AUGUSTA, Maine — After a two-month pilot project in the Bangor region, a new rule requiring photo identification on state-issued welfare benefit cards will be expanded statewide on Tuesday.
The Department of Health and Human Services announced the expansion of the new rule in an email to reporters on Monday.
“Placing photos on the Maine EBT [Electronic Benefit Transfer] card is one additional way to strengthen the integrity of our public assistance programs,’’ wrote DHHS Commissioner Mary Mayhew. “The photo will also help our staff to verify the identity of the benefit recipient and will be helpful in EBT trafficking cases where cards are sold for cash or drugs, or when multiple cards are in the possession of an individual.”
The new rule applies to nearly all of the roughly 223,000 active EBT cards circulating in Maine. The vast majority of EBT cards are used by recipients of benefits under the Supplemental Nutrition Assistance Program, formerly known as food stamps.
A small percentage of the cards is also used by beneficiaries of Temporary Assistance for Needy Families, an anti-poverty program that provides cash assistance to households with eligible children. Even fewer cardholders use EBT to access welfare funds from other state and federal programs.
Republican Gov. Paul LePage has been a staunch proponent of the photo ID requirement for EBT cardholders, despite questions and concerns raised by the federal government, including a warning that the state’s rushed implementation of the rule could result in lawsuits against the state and jeopardize federal funding.
“Adding a photo to the EBT card will help to deter fraud and protect benefits for those who are legally and legitimately receiving them,’’ LePage wrote in a prepared statement. “The card now makes it crystal clear that using EBT inappropriately is a crime, which makes it easier to prosecute those who take advantage of the system.”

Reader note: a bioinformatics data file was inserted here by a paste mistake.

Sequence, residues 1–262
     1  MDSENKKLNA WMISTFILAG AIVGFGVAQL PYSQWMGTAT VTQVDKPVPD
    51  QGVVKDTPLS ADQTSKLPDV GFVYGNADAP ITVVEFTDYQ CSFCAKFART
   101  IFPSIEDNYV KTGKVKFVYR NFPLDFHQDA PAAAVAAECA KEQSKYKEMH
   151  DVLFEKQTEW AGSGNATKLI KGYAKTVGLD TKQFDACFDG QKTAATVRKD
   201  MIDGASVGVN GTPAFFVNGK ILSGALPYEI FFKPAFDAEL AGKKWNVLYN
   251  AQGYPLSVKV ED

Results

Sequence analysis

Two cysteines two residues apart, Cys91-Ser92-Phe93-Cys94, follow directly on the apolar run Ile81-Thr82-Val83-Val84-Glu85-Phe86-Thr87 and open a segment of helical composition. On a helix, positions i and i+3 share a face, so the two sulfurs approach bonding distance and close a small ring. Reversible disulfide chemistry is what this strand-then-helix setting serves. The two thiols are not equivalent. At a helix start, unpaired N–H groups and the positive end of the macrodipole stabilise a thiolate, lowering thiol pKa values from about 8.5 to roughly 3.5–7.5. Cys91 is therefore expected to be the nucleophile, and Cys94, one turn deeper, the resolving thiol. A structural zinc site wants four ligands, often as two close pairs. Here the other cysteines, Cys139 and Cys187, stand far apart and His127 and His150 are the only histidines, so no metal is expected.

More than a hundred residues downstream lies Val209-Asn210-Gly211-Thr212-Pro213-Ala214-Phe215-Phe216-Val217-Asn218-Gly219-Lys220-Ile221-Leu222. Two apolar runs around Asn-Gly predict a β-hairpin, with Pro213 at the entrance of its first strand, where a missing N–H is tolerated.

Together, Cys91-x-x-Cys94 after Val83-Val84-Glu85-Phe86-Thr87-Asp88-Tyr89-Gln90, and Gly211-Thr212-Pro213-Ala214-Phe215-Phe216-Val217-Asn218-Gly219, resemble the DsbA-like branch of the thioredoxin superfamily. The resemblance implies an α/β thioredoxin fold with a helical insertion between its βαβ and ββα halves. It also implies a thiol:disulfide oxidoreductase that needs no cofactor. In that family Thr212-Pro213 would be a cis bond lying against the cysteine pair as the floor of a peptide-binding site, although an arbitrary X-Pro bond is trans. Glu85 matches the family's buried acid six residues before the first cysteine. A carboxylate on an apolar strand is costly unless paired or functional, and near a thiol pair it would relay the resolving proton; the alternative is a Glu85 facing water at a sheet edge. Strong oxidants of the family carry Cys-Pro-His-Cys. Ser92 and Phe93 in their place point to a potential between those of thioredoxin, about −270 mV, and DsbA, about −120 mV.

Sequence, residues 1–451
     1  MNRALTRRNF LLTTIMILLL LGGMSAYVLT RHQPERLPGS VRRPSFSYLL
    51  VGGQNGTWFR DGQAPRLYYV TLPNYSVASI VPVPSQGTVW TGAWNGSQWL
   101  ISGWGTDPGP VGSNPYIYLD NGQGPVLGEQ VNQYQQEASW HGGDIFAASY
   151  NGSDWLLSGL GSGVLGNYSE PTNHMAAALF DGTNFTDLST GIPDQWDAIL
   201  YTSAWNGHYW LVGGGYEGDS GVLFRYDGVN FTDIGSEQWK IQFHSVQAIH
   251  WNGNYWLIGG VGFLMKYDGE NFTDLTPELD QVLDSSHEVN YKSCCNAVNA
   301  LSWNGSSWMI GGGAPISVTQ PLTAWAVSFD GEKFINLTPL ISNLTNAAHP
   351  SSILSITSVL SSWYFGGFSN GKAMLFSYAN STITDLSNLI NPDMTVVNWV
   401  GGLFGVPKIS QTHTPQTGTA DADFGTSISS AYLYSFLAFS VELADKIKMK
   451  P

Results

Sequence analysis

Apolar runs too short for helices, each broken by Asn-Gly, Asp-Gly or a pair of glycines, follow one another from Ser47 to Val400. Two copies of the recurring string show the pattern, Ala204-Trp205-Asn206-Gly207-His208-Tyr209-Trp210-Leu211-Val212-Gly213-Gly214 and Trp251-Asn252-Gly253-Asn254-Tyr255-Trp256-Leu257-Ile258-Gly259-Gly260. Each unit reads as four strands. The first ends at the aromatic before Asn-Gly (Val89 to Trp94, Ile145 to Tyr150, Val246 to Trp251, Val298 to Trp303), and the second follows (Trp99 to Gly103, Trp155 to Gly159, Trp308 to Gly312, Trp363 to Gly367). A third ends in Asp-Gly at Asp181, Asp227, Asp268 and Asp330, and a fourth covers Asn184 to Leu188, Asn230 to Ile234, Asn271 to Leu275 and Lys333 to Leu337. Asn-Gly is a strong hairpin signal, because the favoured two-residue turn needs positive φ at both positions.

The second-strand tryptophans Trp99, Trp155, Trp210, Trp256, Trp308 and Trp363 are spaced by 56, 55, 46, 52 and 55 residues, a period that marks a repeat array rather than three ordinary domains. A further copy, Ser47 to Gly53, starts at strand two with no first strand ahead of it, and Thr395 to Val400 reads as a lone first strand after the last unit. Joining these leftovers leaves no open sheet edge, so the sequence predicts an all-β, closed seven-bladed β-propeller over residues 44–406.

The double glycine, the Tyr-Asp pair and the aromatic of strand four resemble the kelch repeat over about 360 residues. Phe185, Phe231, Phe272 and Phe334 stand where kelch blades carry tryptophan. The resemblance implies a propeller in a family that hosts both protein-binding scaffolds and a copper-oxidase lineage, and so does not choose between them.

While advocates for the photo requirement have said it will help prevent the illegal trafficking of EBT cards and ensure only those authorized to use the funds will be able to access them, the ID rule changes nothing about how the cards can — and cannot — be used.
No business that accepts EBT funds will be allowed to check the photo ID before approving a purchase. Only the PIN, a four-digit security code, is necessary to use an EBT card. And family members and other assigned representatives of EBT users will still be able to use the card — even if it doesn’t have their picture on it — as long as they know the PIN.
DHHS was criticized this spring for not clearly informing recipients that no business will be allowed to use the photo ID to verify a cardholder’s identity, or to determine whether to allow an otherwise legal use of SNAP or TANF funds.
Opponents of the plan have said the photo ID requirement could cause confusion and prevent welfare recipients from being able to legally access their benefits.
DHHS has said the photo ID adds a benefit for cardholders by providing “a more formal proof of identification” for those without state-issued identification cards or driver’s licenses.
Cardholders will be required to get their photos taken at their local DHHS office, and new cards will be sent via mail. The new cards will be activated with the cardholder’s PIN — a four-digit security number — and the old card will remain functional until the new one is activated.
Maine Sen. Margaret Craven, D-Lewiston, is the Senate chairwoman on the Legislature’s Health and Human Services Committee. She said the photo requirement is “not ready for prime time.”
“Based on the pilot program, it’s not clear any fraud will be prevented,” she said. “It’s not approved by the feds. And it places a tremendous burden on businesses by turning them into de facto enforcers. What happens when someone is sick and they send their neighbor or child to the store with their EBT card? What’s the litmus test to prove they’re only being helpful, not fraudulent?”
Follow Mario Moretto on Twitter at @riocarmine.